4. Jeff Miller

    Jeff Miller Moderator

    I liked the way he did his add on fence using dowels and screws, nice way to attach and adjust it. I enjoy seeing how others make jigs and such to improve their precision. His use of hands around the spinning blade wasn't the safest in my mind. There are always tidbits to pick up on videos- things to do and maybe not do. I, for one, just can't bring myself to put calipers on a spinning project on the lathe. Many great turners measure this way, all I see is a big potential for a catch. Everyone has their comfort point, and it usually doesn't change unless an accident occurs. Thanks for the video link.
     
  5. Lloyd Johnson

    Lloyd Johnson Administrator Staff Member

    I am a long-time user of the Dubby and I love it for its versatility and accuracy. Its great being able to switch to however many segments I want to make without having to make a new sled. I've made a few modifications, though, for safety and to have a better stop system.

    I have an auxilary table like he shows, but it is connected to the Dubby so that when I pull it back, it retrieves the segment for me. So while this is just like a sled, it still lets me make any number of segments per row with deadly accuracy and safety.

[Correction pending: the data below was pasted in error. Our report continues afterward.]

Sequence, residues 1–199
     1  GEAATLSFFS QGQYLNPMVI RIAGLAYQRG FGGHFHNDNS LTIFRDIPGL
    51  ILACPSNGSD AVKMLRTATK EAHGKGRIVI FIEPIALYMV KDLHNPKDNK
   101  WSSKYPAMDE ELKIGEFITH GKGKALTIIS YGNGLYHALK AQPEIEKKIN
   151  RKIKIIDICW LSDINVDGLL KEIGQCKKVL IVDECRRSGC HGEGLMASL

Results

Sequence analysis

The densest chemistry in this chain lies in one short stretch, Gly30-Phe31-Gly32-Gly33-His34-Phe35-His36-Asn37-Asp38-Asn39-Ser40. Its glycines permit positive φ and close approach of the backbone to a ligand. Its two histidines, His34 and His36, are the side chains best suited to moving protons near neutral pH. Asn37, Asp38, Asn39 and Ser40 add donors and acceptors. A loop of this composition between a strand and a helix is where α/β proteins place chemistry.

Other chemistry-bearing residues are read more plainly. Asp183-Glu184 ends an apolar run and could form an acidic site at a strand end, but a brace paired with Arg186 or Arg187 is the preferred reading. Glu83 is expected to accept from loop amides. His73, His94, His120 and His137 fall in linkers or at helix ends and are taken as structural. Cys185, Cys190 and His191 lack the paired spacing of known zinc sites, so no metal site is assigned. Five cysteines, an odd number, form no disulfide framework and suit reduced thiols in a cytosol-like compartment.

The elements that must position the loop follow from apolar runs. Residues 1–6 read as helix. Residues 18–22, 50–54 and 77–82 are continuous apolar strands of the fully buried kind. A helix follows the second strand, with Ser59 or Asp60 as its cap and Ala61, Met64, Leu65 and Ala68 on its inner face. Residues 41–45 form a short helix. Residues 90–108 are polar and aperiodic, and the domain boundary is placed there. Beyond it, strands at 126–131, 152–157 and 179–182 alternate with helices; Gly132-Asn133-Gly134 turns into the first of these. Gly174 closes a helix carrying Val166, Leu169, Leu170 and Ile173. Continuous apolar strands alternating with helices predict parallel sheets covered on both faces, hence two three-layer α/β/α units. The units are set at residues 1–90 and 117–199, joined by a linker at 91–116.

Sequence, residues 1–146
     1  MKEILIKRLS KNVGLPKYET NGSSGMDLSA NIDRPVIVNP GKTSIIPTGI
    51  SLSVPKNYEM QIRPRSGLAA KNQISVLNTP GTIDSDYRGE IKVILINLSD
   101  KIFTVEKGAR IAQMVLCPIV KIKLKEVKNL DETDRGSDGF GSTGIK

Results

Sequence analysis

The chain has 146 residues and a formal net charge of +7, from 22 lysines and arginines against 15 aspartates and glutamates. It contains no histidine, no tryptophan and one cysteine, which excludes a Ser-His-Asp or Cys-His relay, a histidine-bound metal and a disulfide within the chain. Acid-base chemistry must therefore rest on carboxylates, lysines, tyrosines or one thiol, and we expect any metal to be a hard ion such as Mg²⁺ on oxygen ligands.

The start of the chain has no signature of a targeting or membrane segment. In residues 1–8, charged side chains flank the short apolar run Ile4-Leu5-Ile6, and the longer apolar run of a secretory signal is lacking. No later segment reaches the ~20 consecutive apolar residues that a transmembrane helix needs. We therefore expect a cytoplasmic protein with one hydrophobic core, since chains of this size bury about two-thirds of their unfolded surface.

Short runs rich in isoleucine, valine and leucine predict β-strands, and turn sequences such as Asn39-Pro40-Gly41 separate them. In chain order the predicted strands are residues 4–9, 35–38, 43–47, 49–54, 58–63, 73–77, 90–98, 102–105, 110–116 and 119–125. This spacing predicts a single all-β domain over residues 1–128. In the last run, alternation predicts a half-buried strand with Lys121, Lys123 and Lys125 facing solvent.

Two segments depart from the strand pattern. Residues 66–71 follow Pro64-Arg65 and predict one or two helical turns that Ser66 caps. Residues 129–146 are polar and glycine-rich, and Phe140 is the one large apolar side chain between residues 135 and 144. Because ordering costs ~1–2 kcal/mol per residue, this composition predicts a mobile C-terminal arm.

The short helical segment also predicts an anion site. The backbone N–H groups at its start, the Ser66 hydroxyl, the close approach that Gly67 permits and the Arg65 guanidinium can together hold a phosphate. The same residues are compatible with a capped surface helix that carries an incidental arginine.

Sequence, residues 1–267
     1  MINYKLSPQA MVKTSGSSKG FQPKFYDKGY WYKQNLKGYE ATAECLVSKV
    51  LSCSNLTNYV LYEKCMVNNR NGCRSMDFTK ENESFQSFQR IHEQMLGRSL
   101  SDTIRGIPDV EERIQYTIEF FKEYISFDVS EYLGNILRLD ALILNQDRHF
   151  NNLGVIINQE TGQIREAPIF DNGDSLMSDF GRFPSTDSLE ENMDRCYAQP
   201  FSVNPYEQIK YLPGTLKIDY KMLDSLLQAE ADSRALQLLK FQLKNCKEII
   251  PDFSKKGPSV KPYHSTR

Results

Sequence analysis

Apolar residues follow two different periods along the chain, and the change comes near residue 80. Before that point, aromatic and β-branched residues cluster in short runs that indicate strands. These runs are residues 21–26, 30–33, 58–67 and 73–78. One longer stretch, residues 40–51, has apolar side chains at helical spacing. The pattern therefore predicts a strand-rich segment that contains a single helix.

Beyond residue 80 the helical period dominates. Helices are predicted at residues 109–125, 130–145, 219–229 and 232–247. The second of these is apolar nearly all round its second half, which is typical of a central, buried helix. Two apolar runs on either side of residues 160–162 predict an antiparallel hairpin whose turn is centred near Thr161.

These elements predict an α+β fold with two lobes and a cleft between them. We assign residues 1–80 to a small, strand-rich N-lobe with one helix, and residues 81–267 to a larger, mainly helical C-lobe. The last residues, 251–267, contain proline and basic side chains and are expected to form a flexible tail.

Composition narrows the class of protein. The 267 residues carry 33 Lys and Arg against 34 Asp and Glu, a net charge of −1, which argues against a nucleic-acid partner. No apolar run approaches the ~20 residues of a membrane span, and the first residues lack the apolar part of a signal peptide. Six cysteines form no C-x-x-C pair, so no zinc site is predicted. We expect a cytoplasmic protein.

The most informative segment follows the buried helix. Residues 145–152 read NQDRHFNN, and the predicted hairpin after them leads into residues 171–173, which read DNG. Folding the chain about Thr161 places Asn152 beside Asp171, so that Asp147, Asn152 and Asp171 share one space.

I use a MDF fence to which I attach a flip-stop that makes it fast to set and simply flips up when I make my cuts so that the segment is not trapped between the blade and a stop.

    What I mostly like about the Dubby is that I can make an odd number of segments in a row and can glue it at once since it can't be made in half rings. The large diameter protractor lets me change the angle by less than a tenth of a degree.

    I'm going to make a video showing my process for cutting small segments using the Dubby which can be applied to any other miter system. I have no interest in In-Line Industries, but it is a great solution, especially when used safely.

    Lloyd
     
  6. mfisher

    mfisher Super Moderator Staff Member

    I have an incra miter sled that I really like. Guess it is similar to the Dubby. The sled allows me to lock in my incra miter gauge. Once all squared and aligned, it does a great job n cutting the segment to the proper degree.
     
  7. editor

    editor New Member

    Hello, I'm new in here and I want to thank those for posting help. Any suggestions for the ULTIMATE SEGMENTED CUTTING JIG? Also what about cutting segments using a chop saw...can anyone suggest a jig

    Thanks
     
  8. rtaylor

    rtaylor PRO Member

    I have had great success with the Dubby from In Line Industries. Once it is calibrated the accuracy is phenominal. I have not needed to use the miter saw yet but I have not tried anything with compound angles either. When I do I'm sure folks here will be able to offer plenty of help.

    RTaylor
     
  9. Tomslaketurner

    Tomslaketurner PRO Member

    I have tried to order a Dubby, sadly Jerry will not ship to Canada. Does anyone know anything about the Incra miter5000 system. Ive seen the youtube video, I like to know if anyone has one or has used one?

    Thanks